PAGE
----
1st. Lt. Nick Hill puts together recruiting packets in the athletic department.
His West Point classmates are searching for roadside bombs and watching for mortar attacks in Afghanistan and Iraq.
The 24-year-old engineer officer is one of the few troops with the skills of a professional athlete. An Army policy aimed at balancing the needs of the individual soldier with the military’s overall goals is allowing him to pursue a baseball career — despite the ongoing conflicts.
For the left-hander with a decent fastball and Double-A experience, it’s both a blessing and a burden.
“To be honest, it’s something I think about every day,” Hill said by telephone after another afternoon workout at West Point in preparation for the 2009 baseball season.
In the mornings, Hill assembles recruiting material for prospective cadet-athletes in his administrative job at the U.S. Military Academy, biding time until he can be a minor league pitcher again for the Seattle Mariners.
He doesn’t need to be reminded that last August, while he was on special leave finishing his second season of professional baseball, his West Point class of 2007 had its first combat casualty. 2nd Lt. Michael Girdano died in Afghanistan one month into his first deployment. He was the 66th and most recent West Point graduate to die in combat since the Sept. 11 terrorist attacks.
“It weighs on me every day,” Hill said.
Hill and a handful of graduates, including Detroit Lions draft choice Caleb Campbell, took advantage of a 2005 Army policy called an alternative service option. It allowed those West Point and ROTC graduates with professional sports contracts to play immediately after graduation instead of after traditional active-duty service, the idea being to score public relations points for the military.
The policy stated that selected officer-athletes were to be assigned to recruiting units in locations near where they played for a shortened commitment of two years — with “a strong expectation they will provide the Army with significant favorable media exposure likely to enhance national recruiting or public affairs efforts.” Essentially, the officers’ military jobs were to be worked around their athletic schedules.
The concept isn’t new. Basketball star David Robinson graduated from the Naval Academy in 1987 and served two years on active duty. Then the Navy set him free three years early to join the NBA on a height-restriction technicality. Robinson being called the “Admiral” throughout his basketball career was a far bigger coup for the Navy than having a 7-foot lieutenant on a ship.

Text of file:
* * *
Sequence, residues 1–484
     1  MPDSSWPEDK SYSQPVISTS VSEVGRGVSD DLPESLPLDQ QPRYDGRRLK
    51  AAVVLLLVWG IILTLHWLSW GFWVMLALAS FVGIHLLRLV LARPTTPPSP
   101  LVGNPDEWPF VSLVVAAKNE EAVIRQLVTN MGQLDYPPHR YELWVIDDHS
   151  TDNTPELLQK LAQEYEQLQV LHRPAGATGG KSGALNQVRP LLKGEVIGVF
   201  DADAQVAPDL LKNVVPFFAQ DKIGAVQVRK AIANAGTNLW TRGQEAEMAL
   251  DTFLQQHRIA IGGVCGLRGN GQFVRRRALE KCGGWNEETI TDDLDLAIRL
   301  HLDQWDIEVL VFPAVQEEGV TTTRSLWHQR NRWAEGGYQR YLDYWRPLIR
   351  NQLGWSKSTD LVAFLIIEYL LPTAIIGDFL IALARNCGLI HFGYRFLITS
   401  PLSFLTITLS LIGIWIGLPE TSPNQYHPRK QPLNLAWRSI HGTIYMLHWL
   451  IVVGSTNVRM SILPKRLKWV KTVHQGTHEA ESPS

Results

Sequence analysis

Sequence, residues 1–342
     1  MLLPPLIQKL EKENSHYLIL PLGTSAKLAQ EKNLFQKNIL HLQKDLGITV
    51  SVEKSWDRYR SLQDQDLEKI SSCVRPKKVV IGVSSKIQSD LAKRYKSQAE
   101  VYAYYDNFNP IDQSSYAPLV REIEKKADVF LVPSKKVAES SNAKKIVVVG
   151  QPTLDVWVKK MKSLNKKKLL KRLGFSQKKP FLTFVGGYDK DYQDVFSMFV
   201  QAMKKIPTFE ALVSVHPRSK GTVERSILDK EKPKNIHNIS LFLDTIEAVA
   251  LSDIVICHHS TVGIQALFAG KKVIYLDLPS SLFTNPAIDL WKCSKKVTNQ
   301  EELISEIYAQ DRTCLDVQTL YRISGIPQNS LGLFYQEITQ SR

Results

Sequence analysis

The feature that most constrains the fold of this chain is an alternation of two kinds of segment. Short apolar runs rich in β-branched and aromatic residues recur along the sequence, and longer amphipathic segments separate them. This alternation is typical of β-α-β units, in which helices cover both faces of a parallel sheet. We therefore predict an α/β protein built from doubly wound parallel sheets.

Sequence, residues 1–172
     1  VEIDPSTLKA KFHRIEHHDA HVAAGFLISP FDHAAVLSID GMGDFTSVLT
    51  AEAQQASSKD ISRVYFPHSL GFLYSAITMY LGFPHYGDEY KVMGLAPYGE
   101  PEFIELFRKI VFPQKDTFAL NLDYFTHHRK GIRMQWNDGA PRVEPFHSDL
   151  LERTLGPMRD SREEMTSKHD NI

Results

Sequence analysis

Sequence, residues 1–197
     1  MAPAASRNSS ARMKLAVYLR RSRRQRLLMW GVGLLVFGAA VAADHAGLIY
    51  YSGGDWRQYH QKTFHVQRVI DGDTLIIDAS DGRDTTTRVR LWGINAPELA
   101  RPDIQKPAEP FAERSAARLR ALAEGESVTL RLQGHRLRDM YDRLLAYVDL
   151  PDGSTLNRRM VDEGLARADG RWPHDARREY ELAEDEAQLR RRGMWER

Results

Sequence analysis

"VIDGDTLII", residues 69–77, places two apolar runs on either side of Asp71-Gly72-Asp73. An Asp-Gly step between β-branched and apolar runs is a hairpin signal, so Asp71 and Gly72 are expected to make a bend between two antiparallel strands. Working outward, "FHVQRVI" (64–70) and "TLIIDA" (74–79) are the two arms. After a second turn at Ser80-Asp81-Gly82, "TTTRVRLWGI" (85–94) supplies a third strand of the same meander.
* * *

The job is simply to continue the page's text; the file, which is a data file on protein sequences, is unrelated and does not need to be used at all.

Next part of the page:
The Navy also let running back Napoleon McCallum play on weekends for the NFL’s Los Angeles Raiders in 1986 during his five-year active-duty commitment.
Of course, the United States wasn’t in two wars then.
Last June, one week after baseball’s St. Louis Cardinals drafted 2008 Naval Academy graduate Mitch Harris in the 13th round, Secretary of the Navy Donald Winter ruled Harris must first fulfill his fiveyear active-duty requirement.
Harris, whose fastball reaches 95 miles per hour, was assigned to a ship based in Virginia. He is now preparing for a long deployment beginning in May, according to his agent, Rick Oliver.
The Cardinals are willing to wait, assistant general manager John Abbamondi said. A former Navy officer, Abbamondi likens the process to holding a ticket to a future lottery drawing.
With the Air Force handling service commitments just as the Navy does, those two branches claimed West Point had an unfair advantage over the other academies in recruiting top high school athletes.
Last July 11, amid those arguments and the concern that officers should be serving the military in war time, Secretary of the Army Pete Geren tightened the pro sports policy. He rescinded the option of Army officers getting on the field immediately after graduation, yet left the door open for them to play professional sports following an abbreviated service of two years.
The change had no grandfather clause, so Hill, Campbell and others had to go back onto active duty.
Lt. Col. George Wright, an Army public affairs officer in the Pentagon, emphasized the policy change complies with a Department of Defense directive from last April 30 that “constructs for ’active duty’ service should not include arrangements typically unavailable to others in uniform.”
Hill got credit for active-duty time served during his first two seasons in the minor leagues, so his two years of active duty end in May. He has applied for release back to the Mariners’ farm system. The request is expected to be approved in a few weeks.